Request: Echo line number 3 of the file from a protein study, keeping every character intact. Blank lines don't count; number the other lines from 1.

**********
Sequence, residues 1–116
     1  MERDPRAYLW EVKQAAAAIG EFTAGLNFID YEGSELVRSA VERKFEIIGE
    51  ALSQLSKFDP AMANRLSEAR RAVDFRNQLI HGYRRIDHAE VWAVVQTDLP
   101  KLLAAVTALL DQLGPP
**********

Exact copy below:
    51  ALSQLSKFDP AMANRLSEAR RAVDFRNQLI HGYRRIDHAE VWAVVQTDLP